It looks like 4G in Thailand is still facing delays and hurdles, as the latest development is that the Information and Communications Technology (ICT) ministry wants to settle network ownership rights in terms of state and private companies before the 4G auction can be held.
Resolve 4G disputes
The 4G auction is the method in which the government plans to sell off wireless spectrum, allowing the carriers to launch new, super fast 4G services, but it has already faced lengthy delays.
“We need to resolve the disputes, especially over ownership of telecommunications towers and infrastructure under the concessions, as these assets will be the keys for business expansion under the new licences”, said a government source yesterday, according to Thai publication The Nation.
The source claims that the state or private operators would gain the upper hand in expanding with 4G if they legally own the assets.
Pridiyathorn Devakula, the deputy prime minister who is in charge of the Thai economy, confirmed that the auction would take place in the first half of this year and that it’s currently top priority. Furthermore, ICT Minister Pornchai Rujiprapa said the ministry strongly supports the auction.
4G auction delay
Takorn Tantasith, who is secretary-general of the National Broadcasting and Telecommunications Commission (NBTC), said the auction may have to be delayed from August to December, because there has not been confirmation of a go-ahead from the National Council for Peace and Order to prepare the plan to auction the 1800 MHz network bands of TrueMove and Digital Phone.
The auction was originally scheduled for mid-2014, but in July last year the junta suspended the auction for one year, pending complete clarification of the plan. But the mobile phone companies want the auction to happen as soon as possible, so they can buy more bandwidth to satisfy the demand for wireless Internet service from consumers.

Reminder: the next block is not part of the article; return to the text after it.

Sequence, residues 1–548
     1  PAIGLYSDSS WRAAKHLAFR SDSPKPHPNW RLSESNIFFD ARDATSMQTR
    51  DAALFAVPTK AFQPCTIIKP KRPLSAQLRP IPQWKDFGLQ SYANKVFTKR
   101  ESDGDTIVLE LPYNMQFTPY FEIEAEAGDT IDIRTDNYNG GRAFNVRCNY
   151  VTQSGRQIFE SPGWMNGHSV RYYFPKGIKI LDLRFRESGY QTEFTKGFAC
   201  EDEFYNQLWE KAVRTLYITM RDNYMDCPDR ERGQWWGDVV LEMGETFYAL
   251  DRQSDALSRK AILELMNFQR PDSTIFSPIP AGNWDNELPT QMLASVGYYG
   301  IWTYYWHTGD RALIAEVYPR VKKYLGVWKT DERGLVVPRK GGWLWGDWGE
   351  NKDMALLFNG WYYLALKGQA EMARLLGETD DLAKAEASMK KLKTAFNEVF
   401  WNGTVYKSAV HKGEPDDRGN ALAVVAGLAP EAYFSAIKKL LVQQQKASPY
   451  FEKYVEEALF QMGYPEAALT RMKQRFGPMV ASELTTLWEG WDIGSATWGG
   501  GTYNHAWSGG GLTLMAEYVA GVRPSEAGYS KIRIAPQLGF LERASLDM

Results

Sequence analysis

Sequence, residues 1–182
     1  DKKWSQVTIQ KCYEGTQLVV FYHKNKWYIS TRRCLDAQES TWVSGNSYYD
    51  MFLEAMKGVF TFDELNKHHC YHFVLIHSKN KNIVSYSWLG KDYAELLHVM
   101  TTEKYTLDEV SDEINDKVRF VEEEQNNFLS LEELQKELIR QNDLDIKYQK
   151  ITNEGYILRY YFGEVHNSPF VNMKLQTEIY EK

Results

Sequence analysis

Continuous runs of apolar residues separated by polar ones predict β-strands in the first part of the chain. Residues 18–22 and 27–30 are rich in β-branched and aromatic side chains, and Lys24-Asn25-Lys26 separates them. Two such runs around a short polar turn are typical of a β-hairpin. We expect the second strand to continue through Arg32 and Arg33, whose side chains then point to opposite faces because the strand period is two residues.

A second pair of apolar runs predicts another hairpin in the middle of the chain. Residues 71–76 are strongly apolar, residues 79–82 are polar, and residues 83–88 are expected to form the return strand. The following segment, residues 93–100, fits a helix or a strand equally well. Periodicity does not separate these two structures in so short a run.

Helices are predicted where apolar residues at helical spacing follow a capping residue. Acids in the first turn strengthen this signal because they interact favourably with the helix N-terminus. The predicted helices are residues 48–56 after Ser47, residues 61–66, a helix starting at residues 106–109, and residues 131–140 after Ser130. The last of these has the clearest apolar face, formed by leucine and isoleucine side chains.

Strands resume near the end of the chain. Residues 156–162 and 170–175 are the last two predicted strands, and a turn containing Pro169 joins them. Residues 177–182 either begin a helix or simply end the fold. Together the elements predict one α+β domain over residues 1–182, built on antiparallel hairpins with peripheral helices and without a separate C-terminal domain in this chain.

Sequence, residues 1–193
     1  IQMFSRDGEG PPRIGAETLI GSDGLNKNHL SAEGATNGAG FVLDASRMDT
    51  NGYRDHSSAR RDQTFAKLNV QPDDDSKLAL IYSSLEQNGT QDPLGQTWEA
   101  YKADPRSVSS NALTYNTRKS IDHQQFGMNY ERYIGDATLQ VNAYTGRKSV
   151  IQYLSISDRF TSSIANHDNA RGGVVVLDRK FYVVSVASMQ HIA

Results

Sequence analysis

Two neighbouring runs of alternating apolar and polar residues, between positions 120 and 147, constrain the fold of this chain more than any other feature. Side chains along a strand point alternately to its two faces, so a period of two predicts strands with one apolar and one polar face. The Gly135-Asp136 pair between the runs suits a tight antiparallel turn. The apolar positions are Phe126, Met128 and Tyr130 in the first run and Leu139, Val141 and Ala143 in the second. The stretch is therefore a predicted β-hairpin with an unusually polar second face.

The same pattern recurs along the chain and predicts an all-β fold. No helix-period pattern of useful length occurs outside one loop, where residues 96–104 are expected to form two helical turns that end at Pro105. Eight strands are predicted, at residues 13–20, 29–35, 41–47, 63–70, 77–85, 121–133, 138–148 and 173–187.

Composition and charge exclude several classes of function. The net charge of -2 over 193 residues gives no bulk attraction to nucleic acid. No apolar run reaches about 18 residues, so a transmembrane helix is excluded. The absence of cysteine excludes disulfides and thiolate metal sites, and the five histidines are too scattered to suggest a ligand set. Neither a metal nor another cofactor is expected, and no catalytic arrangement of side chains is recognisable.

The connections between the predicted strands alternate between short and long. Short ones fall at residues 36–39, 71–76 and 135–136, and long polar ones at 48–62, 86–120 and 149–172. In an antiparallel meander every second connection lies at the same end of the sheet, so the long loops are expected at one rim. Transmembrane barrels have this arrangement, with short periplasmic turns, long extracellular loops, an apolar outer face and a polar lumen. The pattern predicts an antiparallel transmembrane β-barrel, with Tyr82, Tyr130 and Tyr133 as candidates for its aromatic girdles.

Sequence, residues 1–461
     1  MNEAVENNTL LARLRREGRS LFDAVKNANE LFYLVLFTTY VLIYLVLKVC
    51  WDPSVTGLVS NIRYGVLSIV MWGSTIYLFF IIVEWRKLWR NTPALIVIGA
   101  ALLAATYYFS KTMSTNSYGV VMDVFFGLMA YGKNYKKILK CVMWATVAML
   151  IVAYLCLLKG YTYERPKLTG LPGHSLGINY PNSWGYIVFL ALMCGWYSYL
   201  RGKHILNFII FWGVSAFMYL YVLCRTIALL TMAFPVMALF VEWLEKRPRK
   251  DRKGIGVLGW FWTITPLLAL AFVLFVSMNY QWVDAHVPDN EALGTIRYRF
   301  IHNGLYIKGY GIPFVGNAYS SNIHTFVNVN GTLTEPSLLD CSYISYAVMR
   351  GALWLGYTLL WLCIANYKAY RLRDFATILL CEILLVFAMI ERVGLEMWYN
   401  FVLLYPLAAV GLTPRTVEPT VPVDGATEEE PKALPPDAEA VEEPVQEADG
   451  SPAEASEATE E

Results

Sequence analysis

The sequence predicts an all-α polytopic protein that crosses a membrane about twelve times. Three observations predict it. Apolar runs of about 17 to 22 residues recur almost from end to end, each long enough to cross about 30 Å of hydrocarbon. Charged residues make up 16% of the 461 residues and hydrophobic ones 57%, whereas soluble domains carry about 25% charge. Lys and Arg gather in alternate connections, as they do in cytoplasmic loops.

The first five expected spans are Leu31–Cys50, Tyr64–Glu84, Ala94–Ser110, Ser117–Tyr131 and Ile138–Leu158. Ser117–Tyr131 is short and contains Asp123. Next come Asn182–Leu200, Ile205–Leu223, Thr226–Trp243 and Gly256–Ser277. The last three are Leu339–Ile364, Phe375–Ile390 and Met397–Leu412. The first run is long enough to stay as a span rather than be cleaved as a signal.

CAT Telecom and DTAC are currently in a legal ownership battle over 10,419 towers, while CAT and TrueMove are also disputing over 8,031 telecom towers. The reason is that the concessions they have means the private companies must transfer assets to the state telecom operators after the concessions expire. AIS and TOT are currently fighting over who owns 13,198 mobile masts under this concession.
ICT Minister Pornchai said this week that certain digital economy bills, including the one creating the Digital for Economy and Society Ministry, are expected to be taken up by the National Legislative Assembly in April, and are expected to go into force in June.
The government has so far drafted 10 bills in relation to promoting the Thai digital economy.
SOURCE: The Nation